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Open Access Publications from the University of California


The Journal of Evolution and Health brings together academic researchers and clinical practitioners to develop evolutionary insights into the major factors affecting health, and to translate those insights into practical methods for improving human and animal health.

Journal of Evolution and Health 2022


An Empty Slogan that Detracts from Collaboratively Combating COVID-19 in Hong Kong

The COVID-19 pandemic seems to be unending and is creating challenges all over the world. Confirmed cases in Hong Kong are comparatively low, but the four waves are caused by imported carriers from abroad. Thus, the government claims that its efforts have been effective in coping with this disease. However, the public observes other dimensions of this claim. The discussion in this paper argues that policy loopholes, violation of normal practices and government estrangement from the community all damage anti-pandemic outcomes. The root cause of this failure comes from distrust in the government. Such a fiction of power brings negative reactions. On the one hand, the community suffers from tight disease-control measures which are disproportionate to the infection risk, and people are fighting not only the coronavirus but also poor leadership, policy loopholes and hidden agenda in social control. On the other hand, people are already self-motivated and self-disciplined enough, with the aid of mutual support, to adopt basic preventive methods, such as masking and personal hygiene, showing a robust civil society and social mobilisation.

Proceedings of the 4th International Evolutionary Health Conference, 2023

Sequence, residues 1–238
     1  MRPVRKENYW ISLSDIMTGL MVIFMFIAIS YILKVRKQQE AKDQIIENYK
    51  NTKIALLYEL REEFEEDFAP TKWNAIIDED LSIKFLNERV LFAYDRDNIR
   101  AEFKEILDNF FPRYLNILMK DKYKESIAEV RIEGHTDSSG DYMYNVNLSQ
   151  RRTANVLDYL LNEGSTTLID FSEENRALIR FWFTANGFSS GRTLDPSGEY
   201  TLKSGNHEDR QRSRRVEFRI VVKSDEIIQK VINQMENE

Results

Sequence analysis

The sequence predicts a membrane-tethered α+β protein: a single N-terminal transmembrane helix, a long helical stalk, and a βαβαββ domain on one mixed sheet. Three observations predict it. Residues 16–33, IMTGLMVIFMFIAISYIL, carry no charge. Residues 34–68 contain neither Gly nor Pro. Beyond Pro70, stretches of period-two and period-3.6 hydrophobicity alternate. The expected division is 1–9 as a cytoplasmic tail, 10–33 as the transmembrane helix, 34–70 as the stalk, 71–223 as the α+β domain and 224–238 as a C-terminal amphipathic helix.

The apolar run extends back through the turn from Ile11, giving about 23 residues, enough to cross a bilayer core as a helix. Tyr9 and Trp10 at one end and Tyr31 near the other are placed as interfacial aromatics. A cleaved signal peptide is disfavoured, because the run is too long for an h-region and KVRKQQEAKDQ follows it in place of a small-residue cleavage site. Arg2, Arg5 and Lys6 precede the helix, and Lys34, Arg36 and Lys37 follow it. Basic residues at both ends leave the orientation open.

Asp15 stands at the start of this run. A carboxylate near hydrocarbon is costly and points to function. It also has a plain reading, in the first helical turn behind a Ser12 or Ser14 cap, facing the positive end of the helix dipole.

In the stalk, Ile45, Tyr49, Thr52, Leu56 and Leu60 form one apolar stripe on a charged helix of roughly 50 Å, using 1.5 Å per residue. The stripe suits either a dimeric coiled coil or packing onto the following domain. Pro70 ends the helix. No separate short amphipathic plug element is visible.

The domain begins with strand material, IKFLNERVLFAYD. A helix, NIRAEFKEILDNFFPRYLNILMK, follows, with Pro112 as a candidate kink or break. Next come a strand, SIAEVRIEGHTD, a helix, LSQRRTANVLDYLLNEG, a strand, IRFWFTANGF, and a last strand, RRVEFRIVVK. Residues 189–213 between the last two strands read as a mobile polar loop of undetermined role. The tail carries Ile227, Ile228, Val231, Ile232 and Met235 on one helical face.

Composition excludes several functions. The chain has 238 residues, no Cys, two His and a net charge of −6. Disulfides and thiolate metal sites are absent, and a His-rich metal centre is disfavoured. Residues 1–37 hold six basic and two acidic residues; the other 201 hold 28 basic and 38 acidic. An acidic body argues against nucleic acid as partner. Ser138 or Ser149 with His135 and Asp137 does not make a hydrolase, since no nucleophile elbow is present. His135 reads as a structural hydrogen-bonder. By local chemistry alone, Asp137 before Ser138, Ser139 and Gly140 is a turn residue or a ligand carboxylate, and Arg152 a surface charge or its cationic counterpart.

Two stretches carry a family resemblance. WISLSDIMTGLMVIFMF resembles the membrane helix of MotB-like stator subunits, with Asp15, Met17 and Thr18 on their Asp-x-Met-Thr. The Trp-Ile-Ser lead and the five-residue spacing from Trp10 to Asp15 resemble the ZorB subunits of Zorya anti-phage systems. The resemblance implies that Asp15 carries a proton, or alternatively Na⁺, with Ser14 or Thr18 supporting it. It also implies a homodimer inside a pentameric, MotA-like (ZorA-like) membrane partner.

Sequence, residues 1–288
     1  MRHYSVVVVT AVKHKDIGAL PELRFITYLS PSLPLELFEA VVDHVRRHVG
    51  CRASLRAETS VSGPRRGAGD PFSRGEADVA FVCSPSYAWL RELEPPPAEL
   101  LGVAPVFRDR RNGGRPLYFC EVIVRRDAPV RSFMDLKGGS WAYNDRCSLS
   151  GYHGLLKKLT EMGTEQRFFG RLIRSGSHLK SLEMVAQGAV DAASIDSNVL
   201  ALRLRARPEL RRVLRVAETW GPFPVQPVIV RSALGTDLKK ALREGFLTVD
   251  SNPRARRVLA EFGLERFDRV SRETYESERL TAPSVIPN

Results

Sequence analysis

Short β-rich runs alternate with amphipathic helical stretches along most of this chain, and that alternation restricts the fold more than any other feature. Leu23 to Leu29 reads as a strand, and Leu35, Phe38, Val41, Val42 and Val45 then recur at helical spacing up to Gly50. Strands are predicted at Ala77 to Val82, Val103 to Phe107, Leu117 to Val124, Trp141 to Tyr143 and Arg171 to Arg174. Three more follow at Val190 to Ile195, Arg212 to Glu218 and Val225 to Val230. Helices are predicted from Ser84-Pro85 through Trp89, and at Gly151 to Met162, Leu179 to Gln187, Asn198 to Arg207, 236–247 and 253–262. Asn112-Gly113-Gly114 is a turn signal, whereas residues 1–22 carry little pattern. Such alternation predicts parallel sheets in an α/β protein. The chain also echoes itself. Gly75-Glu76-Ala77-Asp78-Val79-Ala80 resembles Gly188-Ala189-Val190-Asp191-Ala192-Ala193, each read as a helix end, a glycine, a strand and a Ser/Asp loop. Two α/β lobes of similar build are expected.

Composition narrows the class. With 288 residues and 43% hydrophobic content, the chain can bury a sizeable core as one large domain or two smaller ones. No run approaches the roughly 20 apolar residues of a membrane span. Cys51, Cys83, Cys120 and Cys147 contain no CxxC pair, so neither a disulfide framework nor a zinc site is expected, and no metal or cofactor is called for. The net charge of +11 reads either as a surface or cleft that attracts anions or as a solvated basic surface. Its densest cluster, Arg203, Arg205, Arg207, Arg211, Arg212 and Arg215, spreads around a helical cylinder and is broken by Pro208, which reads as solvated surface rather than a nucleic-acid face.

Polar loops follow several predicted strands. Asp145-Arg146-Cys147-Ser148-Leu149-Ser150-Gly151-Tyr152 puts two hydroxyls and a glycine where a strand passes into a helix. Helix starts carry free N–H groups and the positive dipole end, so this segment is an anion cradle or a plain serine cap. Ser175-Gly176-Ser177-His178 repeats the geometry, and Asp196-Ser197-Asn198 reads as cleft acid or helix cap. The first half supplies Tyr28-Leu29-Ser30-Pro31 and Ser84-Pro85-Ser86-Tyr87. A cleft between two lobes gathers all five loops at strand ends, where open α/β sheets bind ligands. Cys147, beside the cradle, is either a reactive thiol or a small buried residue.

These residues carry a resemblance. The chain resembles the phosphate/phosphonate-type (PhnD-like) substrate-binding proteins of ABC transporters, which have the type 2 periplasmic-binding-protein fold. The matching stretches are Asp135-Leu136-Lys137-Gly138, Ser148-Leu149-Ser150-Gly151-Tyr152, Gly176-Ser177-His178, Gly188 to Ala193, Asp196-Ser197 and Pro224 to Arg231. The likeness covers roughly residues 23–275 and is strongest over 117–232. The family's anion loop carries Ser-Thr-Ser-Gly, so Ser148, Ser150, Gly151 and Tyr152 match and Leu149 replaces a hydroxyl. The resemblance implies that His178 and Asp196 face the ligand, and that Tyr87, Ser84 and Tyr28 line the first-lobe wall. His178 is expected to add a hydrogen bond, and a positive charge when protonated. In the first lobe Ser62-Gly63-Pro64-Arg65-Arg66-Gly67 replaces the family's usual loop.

The field of evolutionary health is relatively new, and over the last several decades, has come to signify the interest in the extent of mismatch between factors common in our modern world, and our evolutionary milieu, which is a combination of genetic and environmental interactions that have influenced our development over the course of many thousands, if not hundreds of thousands of years.

We have covered a wide variety of topics during our conferences; this includes, brain function, sleep and light, various components of the diet, aging, cardiovascular disease, human brain development, exercise, bone health, obesity, vitamin levels, hormonal regulation, inflammation and cancer, with the emphasis on the degree of mismatch between our hominid ancestors and modern humans today. With this most recent conference, we have added topics such as psychological and physical stress, the gut microbiome and the potential role of biomimetics in environmental stressors.

We’d like to thank the Journal of Evolutionary Health for allowing us to publish some of the abstracts from our most recent conference.